‘Kilig’ is a borrowing from Tagalog that has taken on a variety of meanings and uses in Philippine English. The word can be used as a noun to refer to the thrill caused by an exciting or romantic experience, or [...]
‘Shroff’ is a word whose use in English can be traced back to colonial times. An Anglo-Indian corruption of the Persian borrowing saraf, it was used to refer to local bankers and money changers in former British territories in Asia such as India, Singapore, and Hong Kong. Today, the word has almost completely fallen out of use, except in Hong Kong English, where it has taken on the more modern sense of a cashier or [...]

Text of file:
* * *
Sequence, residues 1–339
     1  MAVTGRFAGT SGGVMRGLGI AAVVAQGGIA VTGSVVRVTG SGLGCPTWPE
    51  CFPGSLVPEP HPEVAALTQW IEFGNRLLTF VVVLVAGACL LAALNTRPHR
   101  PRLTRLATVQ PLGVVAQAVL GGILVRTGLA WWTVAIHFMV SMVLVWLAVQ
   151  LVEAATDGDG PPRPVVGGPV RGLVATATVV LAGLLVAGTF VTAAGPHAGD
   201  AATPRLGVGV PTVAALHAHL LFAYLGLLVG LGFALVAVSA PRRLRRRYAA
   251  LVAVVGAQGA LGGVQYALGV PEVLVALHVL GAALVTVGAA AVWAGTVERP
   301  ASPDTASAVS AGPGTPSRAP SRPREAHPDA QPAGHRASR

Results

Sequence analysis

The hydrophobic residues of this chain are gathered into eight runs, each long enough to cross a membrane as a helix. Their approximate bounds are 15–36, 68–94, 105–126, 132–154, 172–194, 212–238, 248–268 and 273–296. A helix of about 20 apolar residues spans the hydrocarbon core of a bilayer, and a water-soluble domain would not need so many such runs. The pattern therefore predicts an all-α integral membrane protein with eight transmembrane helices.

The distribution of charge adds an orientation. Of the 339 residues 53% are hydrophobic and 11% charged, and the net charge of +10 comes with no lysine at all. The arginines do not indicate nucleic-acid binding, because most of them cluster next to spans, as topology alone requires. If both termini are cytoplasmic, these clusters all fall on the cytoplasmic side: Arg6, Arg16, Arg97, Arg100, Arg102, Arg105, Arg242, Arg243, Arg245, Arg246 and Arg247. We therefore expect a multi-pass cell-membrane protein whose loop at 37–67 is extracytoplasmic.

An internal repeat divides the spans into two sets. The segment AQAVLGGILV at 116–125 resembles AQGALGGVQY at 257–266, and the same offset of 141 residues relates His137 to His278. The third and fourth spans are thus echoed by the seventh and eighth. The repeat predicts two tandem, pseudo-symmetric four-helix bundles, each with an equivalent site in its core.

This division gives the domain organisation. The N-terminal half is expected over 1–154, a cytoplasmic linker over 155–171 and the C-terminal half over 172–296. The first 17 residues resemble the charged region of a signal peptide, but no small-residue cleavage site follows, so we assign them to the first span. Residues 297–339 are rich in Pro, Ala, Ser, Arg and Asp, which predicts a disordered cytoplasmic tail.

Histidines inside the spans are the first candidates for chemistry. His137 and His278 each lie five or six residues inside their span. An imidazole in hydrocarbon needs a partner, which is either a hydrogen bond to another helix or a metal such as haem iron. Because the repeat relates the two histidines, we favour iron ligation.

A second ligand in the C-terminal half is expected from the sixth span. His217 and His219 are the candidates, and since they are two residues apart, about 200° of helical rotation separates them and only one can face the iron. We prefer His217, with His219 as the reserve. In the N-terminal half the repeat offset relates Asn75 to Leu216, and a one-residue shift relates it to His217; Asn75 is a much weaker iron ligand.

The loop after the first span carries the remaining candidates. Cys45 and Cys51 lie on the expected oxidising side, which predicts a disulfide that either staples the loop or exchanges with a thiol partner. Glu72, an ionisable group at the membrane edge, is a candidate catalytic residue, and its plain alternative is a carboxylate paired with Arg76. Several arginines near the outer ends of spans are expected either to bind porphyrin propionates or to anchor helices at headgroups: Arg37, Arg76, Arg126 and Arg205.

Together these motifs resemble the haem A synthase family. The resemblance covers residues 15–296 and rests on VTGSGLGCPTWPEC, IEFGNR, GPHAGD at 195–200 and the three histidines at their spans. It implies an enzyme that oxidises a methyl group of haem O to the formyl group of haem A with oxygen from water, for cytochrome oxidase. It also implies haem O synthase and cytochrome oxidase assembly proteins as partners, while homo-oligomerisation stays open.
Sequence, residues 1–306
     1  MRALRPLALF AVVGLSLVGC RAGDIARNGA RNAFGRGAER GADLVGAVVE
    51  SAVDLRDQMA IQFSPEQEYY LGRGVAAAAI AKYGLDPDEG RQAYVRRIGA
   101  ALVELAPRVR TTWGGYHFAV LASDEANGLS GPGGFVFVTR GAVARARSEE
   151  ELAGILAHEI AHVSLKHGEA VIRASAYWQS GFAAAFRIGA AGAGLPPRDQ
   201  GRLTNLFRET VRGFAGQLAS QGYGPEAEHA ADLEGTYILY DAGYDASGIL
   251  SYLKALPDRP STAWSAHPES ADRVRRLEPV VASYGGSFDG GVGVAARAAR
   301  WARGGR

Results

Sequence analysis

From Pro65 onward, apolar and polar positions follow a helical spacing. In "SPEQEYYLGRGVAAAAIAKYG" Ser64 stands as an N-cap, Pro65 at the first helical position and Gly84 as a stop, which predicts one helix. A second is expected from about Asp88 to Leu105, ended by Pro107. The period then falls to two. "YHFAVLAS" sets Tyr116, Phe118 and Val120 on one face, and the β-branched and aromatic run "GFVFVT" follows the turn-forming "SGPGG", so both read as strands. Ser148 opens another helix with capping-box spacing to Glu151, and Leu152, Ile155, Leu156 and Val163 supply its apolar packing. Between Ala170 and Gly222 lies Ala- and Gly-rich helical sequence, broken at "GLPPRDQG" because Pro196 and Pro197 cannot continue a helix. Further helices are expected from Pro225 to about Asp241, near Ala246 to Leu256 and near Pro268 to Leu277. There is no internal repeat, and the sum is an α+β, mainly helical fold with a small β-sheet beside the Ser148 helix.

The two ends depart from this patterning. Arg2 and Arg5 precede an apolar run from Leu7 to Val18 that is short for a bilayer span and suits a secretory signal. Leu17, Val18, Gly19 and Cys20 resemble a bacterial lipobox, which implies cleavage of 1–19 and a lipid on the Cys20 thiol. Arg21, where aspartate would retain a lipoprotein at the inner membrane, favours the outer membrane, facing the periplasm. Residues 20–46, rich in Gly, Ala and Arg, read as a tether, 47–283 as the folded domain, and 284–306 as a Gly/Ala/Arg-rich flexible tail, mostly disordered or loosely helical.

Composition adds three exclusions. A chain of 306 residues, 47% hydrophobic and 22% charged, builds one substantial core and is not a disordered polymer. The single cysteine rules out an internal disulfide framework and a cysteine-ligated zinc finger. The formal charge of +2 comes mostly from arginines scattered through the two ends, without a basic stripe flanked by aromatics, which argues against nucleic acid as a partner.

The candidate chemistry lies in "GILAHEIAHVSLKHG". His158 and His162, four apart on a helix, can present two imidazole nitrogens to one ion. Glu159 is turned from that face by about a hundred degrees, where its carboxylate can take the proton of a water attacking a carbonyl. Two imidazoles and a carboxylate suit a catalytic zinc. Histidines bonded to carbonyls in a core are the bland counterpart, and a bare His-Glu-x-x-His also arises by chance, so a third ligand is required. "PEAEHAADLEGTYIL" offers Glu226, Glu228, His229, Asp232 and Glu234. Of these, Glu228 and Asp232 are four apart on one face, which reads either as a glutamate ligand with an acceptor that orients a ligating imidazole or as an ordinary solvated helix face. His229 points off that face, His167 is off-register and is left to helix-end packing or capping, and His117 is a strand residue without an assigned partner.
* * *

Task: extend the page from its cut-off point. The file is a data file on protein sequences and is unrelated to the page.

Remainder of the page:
‘Sabo’, an abbreviated form of the English word sabotage, is a Singaporean slang term that means tricking people or intentionally making trouble for them, especially to gain a personal advantage. The word can be used as both a noun and a verb [...]
‘Shiok’ is a borrowing from Malay that has acquired multiple uses and meanings in everyday Singapore English. It is an exclamation expressing admiration or approval, just like ‘cool!’ and ‘great!’ It is also an adjective that describes delicious food or a superb meal, or [...]
‘Crap hat’ is a derogatory term for the standard (originally khaki, now dark blue) beret worn by regular soldiers in the British Army, in contrast to those worn in the special regiments (typically red or green). The term is also used by [...]
Verifiable evidence has been provided from 1986.
In the United Kingdom, after a bar or pub’s doors are closed at the official or legal closing time, customers already inside are sometimes allowed to stay and continue [...]
Posted by OED_Editor on 17 September 2015 19.58